Epidemiologist Dr. David Fisman resigned publicly from Ontario’s COVID-19 Science Advisory Table on Aug. 20, warning the Ford government is failing to release infection modelling data that “projects a grim fall”—as schools reopen.
According to Fisman, the scientists tasked with informing Ontario’s COVID-19 response have faced repeated problems of interference, including delayed data releases. He further claimed the table is sitting on “modeling data which predicts a grim fall.” In his resignation letter, Fisman wrote: “I find myself increasingly uncomfortable with the degree to which political considerations appear to be driving outputs from the tables, or at least the degree to which these outputs are shared in a transparent manner with the public.”
The most recent models, dated June 10, concluded it was “highly unlikely” the COVID-19 Delta variant (B.1.617.2) would cause a fourth wave. That model, however, predicted a “best-case scenario” of 500 daily infections through the summer. On Sunday, health officials logged 722 infections—the highest since early June—after lagging around 200 for most of July.
“I don’t understand why they’re not releasing that. It’s important for people to understand what lies ahead, and what the stakes are,” Fisman wrote.
While some have disputed these claims that data was being suppressed, tentative modelling by the table’s other member scientists matches this claim.
According to modelling by Dr. Allison McGeer, also of the advisory table, the current trends could be significantly multiplied by Delta, being a highly infectious variant, and further reopenings. McGeer predicts a record 7,000 daily cases by October, far above the April peak of 4,700. Advisory table director Dr. Peter Jüni further told CP24 his modelling predicts up to 1,300 daily cases by September.
Several health experts, including Council of Ontario Medical Officers of Health chair Dr. Charles Gardner, have further demanded the models be released. “We could potentially have a very large number of cases and hospital admissions,” Gardner said. “It could, in particular, impact younger people, because it will be clustered overwhelmingly among the unvaccinated, or the incompletely vaccinated, which tend to be younger people.”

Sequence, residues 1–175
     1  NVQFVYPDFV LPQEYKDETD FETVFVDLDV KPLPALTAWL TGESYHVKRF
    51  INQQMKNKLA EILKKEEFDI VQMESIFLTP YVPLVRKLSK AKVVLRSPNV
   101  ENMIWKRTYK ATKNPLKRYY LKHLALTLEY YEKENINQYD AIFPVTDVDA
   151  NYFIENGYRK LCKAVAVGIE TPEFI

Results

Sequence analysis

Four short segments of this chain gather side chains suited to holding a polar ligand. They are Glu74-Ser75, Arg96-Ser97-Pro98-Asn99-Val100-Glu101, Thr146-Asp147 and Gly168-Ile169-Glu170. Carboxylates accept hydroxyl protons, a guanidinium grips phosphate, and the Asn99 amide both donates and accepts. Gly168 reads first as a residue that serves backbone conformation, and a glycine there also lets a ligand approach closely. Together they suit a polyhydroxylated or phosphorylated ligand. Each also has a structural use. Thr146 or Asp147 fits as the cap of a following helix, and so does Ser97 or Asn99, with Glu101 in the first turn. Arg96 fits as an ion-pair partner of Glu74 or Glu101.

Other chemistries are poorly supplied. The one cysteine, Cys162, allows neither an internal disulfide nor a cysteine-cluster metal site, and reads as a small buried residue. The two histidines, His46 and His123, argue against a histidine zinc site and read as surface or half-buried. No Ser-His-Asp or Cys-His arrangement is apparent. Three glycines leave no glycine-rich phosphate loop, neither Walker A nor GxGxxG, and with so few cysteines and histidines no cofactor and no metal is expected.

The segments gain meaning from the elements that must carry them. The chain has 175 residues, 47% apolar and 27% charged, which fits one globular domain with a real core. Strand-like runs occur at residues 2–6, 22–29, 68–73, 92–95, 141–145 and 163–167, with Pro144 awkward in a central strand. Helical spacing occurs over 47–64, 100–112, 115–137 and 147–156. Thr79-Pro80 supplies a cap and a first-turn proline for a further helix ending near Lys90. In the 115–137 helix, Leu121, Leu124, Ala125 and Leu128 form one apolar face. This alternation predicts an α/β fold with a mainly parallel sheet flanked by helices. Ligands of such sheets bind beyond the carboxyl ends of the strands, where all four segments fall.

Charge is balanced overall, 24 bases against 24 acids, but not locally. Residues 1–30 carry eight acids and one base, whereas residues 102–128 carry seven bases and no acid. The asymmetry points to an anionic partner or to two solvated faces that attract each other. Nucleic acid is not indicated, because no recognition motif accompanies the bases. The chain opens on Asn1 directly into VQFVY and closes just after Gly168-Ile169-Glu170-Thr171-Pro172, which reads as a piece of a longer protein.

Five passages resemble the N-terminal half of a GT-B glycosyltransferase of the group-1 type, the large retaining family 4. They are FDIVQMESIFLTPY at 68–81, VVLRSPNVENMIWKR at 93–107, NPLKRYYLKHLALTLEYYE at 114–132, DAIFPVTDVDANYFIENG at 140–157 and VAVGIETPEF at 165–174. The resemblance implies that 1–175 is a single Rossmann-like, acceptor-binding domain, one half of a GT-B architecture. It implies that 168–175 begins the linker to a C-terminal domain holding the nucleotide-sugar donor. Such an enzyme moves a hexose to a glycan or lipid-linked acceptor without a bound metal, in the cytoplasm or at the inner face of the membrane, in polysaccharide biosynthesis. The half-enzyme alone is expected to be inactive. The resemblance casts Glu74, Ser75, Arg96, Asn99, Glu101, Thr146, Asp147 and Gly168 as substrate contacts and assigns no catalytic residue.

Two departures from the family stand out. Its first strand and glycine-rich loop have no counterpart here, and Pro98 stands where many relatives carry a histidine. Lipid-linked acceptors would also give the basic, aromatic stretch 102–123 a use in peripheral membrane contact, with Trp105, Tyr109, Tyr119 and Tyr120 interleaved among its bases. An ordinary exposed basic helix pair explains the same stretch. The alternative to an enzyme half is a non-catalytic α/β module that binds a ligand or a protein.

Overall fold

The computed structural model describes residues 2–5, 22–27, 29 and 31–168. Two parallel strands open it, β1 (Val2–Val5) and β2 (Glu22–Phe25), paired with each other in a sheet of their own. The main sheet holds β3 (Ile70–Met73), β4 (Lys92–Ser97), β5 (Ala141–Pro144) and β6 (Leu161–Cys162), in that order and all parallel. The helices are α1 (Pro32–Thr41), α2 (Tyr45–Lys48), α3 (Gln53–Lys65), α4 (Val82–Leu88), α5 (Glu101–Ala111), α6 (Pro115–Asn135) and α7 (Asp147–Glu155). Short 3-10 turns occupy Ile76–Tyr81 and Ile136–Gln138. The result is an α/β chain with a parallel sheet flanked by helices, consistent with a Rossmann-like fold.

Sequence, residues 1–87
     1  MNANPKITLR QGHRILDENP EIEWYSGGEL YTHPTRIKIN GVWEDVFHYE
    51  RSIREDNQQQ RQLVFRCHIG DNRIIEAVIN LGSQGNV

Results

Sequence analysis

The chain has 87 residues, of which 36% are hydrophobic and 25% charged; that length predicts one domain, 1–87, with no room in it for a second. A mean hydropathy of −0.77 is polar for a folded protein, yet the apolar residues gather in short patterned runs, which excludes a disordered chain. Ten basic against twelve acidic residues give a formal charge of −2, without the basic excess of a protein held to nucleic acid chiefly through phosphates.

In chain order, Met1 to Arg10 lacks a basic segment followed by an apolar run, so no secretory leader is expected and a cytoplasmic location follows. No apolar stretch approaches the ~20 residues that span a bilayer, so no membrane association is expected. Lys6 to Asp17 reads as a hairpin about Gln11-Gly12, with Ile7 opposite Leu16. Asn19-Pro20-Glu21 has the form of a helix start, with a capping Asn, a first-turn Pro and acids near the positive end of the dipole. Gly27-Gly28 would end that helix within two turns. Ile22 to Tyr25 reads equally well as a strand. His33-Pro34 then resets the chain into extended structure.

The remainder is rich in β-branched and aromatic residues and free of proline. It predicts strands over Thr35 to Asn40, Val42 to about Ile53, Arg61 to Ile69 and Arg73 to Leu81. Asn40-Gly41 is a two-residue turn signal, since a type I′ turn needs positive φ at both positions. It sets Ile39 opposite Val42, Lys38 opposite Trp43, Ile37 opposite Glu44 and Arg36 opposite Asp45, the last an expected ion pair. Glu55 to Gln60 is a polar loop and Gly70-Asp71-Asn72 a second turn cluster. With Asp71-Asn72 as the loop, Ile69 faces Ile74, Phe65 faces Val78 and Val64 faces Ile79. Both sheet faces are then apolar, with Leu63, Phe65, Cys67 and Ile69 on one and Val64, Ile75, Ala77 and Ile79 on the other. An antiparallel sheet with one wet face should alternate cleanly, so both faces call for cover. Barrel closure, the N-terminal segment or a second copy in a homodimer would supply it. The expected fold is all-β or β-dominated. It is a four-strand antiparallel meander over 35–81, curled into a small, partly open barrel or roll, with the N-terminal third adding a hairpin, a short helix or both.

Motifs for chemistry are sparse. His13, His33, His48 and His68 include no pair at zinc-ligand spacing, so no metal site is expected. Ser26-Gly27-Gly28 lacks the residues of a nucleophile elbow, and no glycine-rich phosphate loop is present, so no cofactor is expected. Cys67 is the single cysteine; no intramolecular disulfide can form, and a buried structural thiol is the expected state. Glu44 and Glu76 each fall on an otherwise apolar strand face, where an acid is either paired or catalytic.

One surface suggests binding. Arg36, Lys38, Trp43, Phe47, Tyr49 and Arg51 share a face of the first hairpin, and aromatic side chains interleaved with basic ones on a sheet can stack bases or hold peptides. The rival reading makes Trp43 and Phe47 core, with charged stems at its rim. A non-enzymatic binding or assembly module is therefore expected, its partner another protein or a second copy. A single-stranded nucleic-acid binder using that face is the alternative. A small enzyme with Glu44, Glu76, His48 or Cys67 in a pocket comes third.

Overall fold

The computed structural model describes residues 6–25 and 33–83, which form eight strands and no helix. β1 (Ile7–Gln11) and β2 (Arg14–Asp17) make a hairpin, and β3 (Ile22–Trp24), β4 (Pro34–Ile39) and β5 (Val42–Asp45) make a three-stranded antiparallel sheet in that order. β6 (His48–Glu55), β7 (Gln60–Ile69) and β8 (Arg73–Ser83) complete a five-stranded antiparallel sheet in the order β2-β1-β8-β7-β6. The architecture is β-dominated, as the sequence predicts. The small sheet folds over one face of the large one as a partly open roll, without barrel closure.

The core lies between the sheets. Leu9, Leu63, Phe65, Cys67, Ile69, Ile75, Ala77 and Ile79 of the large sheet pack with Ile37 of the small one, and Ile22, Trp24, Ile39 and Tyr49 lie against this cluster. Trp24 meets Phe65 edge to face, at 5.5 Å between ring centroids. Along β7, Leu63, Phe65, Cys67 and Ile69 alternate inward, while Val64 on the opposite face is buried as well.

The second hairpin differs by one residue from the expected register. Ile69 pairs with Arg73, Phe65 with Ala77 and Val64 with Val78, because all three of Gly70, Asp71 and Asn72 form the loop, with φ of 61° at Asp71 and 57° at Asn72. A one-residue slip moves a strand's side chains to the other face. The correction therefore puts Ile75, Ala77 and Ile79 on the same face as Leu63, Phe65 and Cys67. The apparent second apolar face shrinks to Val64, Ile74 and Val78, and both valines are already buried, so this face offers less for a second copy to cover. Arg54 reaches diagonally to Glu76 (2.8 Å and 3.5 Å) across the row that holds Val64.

In particular, Ontario is just weeks away from the reopening of schools, where students below the age of 12 face a more infectious variant without a vaccine. “We will only be able, hopefully, to start vaccinating our below 12-year-old students, around the end of the year,” Jüni said. “The parameter to look at there will be school outbreaks.”
Children are going back to school into this likely fourth wave, furthermore, without any serious efforts by Premier Doug Ford’s government to slow infections. The government has failed to reduce class sizes beyond last semester’s levels, when schools were the leading cause of infection. Ford’s government has also only provided $25 million to repair and replace ventilation units to slow airborne spread, against an estimated cost of $3 billion—and this after cutting education funding by $800 million.
Ford’s Ministry of Labour has also repeatedly blocked work refusals by teachers and many other workers who tried to protect themselves from COVID-19, even if there were active infections in the workplace. And from January to April, while ministry inspectors further found more than 15,000 contraventions of health and safety law, they stopped work just 24 times. That track record does not inspire confidence, especially given the likelihood that other employers will cut health and safety corners to save money.
To make matters worse, while vaccination rates have dropped off—especially in lower-income communities—many of the existing sites to get vaccinated are closing. Ontario’s underfunded health system has long meant crowded hospitals and hallway health care, again especially in lower-income communities. Now vaccination clinics inside and outside of hospitals are closing in Peel, Toronto, and other hot spots.
Left up to Doug Ford’s government and Ontario’s bosses, COVID-19 variants will freely ravage schools, workplaces and working class communities.
Workers need a movement ready to fight for control of their workplaces, to direct the resources currently sitting as idle profits to protect against spiking infections.